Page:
August 9, 2017
Partner David Fink
was quoted in the Bloomberg BNA
article “Virtual Celebrity Avatars Mean Real Legal Headaches,” discussing the legal implications of using a celebrity’s likeness to create avatars for video games, and how companies can defend against right-of-publicity claims if they can show the avatar is not being used for commercial purposes.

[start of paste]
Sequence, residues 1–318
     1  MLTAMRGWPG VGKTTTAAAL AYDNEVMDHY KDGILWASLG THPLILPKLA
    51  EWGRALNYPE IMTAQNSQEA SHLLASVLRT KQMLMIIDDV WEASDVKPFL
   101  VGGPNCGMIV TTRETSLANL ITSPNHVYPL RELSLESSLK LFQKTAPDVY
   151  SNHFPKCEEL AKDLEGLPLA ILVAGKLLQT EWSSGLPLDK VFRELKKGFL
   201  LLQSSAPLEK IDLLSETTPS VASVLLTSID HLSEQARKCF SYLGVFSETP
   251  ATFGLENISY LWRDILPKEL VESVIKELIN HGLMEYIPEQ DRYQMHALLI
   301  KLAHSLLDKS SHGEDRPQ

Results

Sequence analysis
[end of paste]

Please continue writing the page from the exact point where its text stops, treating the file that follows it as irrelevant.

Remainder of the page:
“The concept of commercial use is already vague when it comes to video game avatars,” said David. “In the virtual reality context, it will be at least as blurry as with video games. The use of the technology is essential in determining commercial use. If virtual reality is used to simply enhance a traditionally expressive experience, the product will likely be protected by the First Amendment. But if VR is used for gaming, one would have to look to video game right-of-publicity claims, which have resulted in a murky, inconsistent field of court rulings.”
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